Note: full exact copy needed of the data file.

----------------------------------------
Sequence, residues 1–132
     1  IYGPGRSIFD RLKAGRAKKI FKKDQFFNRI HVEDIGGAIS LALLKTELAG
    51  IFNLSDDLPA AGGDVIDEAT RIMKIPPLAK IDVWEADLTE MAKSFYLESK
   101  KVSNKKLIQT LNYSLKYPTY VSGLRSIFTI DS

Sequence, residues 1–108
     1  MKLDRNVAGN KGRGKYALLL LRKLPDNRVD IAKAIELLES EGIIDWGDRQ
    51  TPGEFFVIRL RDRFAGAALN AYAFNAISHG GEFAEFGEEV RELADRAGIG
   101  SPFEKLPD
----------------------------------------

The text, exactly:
Sequence, residues 1–132
     1  IYGPGRSIFD RLKAGRAKKI FKKDQFFNRI HVEDIGGAIS LALLKTELAG
    51  IFNLSDDLPA AGGDVIDEAT RIMKIPPLAK IDVWEADLTE MAKSFYLESK
   101  KVSNKKLIQT LNYSLKYPTY VSGLRSIFTI DS

Sequence, residues 1–108
     1  MKLDRNVAGN KGRGKYALLL LRKLPDNRVD IAKAIELLES EGIIDWGDRQ
    51  TPGEFFVIRL RDRFAGAALN AYAFNAISHG GEFAEFGEEV RELADRAGIG
   101  SPFEKLPD